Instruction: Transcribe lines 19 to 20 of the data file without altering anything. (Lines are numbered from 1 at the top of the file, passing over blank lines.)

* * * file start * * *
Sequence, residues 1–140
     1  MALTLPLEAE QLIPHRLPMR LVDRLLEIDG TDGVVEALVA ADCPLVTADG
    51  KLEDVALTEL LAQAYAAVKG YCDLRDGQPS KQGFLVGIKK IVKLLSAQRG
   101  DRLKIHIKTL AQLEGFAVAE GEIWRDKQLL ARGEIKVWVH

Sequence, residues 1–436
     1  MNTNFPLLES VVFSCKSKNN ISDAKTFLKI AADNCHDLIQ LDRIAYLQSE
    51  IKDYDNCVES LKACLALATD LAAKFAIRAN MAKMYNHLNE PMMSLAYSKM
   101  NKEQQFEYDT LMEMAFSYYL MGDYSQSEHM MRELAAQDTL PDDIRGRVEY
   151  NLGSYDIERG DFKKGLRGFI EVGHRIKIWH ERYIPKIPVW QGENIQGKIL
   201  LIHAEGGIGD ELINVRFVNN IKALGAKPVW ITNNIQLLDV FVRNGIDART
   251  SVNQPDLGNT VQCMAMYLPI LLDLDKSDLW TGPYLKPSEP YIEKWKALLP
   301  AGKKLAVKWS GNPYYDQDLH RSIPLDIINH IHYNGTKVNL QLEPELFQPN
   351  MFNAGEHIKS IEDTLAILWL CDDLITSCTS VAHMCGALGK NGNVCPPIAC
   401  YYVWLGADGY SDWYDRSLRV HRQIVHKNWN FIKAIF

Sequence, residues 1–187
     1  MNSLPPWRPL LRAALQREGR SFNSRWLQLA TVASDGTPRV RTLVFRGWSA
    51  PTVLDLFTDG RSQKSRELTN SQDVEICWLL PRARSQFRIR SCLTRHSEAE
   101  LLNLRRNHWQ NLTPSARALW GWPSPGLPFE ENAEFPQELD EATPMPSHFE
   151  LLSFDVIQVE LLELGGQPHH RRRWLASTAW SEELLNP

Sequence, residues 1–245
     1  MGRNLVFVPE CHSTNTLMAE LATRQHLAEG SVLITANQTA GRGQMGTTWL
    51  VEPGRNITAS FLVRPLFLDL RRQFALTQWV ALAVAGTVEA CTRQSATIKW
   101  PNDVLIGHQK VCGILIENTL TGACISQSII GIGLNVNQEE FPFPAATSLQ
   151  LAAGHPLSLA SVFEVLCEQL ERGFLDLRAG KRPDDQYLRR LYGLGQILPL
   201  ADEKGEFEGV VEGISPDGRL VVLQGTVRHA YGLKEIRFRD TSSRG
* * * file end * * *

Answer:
   151  LLSFDVIQVE LLELGGQPHH RRRWLASTAW SEELLNP

Sequence, residues 1–245